"Let's call the letter A belasana. Belasana in Navajo means apple," MacDonald said. "All the way down to 'Z' — beshdoshklesh. Beshdoshklesh means zinc."
In addition to three alphabets, they came up with code for frequently used words like submarine.
"Submarine — beshlo. Beshlo in Navajo means iron fish," MacDonald said.
By the end of the war, they had more than 400 words to memorize and know under combat pressure.
MacDonald enlisted at the age of 15. He and other young Navajos were able to lie about their age, because they didn't have birth certificates.
Before he left for war, a medicine man gave him a pouch of corn pollen.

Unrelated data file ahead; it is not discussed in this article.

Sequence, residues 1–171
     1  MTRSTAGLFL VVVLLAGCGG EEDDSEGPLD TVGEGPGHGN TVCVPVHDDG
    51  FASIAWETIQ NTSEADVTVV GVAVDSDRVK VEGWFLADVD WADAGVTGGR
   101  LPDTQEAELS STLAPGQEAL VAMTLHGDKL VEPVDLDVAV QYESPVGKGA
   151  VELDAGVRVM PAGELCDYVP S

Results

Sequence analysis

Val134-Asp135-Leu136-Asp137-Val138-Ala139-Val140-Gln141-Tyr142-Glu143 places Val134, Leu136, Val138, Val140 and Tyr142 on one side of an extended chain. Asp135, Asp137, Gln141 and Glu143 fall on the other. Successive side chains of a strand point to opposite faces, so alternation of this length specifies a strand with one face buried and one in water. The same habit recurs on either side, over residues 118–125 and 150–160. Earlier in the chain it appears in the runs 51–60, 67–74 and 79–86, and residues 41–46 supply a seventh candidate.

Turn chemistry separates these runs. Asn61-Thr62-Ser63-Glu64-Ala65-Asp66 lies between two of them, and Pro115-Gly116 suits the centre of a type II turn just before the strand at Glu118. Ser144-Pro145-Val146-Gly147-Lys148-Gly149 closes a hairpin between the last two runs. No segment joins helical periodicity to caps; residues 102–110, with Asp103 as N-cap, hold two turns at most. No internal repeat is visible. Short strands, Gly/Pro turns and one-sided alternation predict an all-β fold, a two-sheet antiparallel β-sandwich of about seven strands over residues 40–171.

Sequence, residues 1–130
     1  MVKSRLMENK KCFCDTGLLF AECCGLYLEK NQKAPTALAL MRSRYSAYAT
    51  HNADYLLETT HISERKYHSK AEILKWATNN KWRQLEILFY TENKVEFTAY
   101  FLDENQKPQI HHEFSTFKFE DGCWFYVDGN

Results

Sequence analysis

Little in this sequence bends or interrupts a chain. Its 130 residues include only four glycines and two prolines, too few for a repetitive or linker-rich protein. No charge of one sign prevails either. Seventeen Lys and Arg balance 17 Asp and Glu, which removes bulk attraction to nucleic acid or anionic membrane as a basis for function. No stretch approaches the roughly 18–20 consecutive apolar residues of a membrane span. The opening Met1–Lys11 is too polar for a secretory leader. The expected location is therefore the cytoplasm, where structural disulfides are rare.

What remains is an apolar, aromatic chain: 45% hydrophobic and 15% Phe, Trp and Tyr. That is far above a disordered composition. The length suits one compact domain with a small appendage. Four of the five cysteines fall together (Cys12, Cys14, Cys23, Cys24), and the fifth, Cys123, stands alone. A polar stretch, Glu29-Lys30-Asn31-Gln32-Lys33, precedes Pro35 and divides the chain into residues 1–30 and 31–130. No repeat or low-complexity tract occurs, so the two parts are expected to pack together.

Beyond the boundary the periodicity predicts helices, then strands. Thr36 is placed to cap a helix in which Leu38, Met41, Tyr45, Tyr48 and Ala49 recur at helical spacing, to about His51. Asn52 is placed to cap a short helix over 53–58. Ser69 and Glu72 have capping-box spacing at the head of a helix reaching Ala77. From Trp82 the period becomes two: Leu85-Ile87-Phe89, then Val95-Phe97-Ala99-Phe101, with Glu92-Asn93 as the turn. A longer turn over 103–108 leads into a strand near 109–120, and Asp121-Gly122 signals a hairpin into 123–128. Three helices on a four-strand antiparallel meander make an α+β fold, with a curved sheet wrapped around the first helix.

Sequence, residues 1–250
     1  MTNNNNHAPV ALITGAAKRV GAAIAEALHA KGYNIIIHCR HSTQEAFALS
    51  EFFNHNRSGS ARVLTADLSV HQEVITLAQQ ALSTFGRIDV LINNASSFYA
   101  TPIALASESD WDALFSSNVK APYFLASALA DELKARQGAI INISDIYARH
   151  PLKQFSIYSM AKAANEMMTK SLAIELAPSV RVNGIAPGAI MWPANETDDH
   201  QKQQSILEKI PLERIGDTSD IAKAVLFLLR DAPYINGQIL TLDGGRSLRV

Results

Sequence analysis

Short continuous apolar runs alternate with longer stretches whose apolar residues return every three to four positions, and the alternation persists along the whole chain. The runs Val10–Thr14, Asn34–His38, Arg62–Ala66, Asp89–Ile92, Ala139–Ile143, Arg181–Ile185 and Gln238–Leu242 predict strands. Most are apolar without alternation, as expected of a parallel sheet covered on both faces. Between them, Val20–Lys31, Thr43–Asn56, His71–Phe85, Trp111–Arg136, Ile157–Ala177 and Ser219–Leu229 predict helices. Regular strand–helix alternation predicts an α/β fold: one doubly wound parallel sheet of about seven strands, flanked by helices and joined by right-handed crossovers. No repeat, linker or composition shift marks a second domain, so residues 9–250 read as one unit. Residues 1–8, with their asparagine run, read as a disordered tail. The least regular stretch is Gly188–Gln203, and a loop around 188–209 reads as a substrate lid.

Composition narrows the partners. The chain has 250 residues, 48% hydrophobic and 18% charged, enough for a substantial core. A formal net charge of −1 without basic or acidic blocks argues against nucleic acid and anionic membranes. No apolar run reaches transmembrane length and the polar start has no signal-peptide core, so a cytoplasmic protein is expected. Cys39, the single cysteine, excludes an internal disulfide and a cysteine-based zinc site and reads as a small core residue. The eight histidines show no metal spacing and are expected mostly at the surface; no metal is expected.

"When you're down in the foxhole with bullets flying 5-10 inches over your head, take a pinch put it on your tongue, another pinch top of your head, take another one make an offering," MacDonald said. "Course you're down there with your other buddy. He would poke you and say, 'hey chief, what are you doing?' 'I'm asking for help and protection.' He would say, 'May I have some?'"
Peter's daughter, Charity MacDonald, sat with her father as he told his story in their home in Tuba City. She said the Navajos were made to be Marines.
"They grew up the crack of dawn they're out running," Charity MacDonald said. "They had to memorize all these prayers that could last for days."
Gary Sandoval said it was the same for his father, Code Talker Merril Sandoval.
"My dad always said it was easy to them because they grew up that way," Sandoval said. "They didn't have to sleep on a bed. We just slept on the ground sheepskin."
Sandoval said before his dad died, he told him about the battle at Iwo Jima.